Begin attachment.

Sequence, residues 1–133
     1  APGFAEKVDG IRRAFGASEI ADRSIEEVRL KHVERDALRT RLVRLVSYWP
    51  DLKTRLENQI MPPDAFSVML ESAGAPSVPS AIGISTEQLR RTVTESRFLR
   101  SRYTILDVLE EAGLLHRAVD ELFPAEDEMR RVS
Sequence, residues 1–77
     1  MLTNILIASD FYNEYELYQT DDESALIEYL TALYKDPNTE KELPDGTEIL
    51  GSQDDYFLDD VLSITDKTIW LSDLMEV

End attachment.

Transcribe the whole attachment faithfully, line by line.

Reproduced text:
Sequence, residues 1–133
     1  APGFAEKVDG IRRAFGASEI ADRSIEEVRL KHVERDALRT RLVRLVSYWP
    51  DLKTRLENQI MPPDAFSVML ESAGAPSVPS AIGISTEQLR RTVTESRFLR
   101  SRYTILDVLE EAGLLHRAVD ELFPAEDEMR RVS
Sequence, residues 1–77
     1  MLTNILIASD FYNEYELYQT DDESALIEYL TALYKDPNTE KELPDGTEIL
    51  GSQDDYFLDD VLSITDKTIW LSDLMEV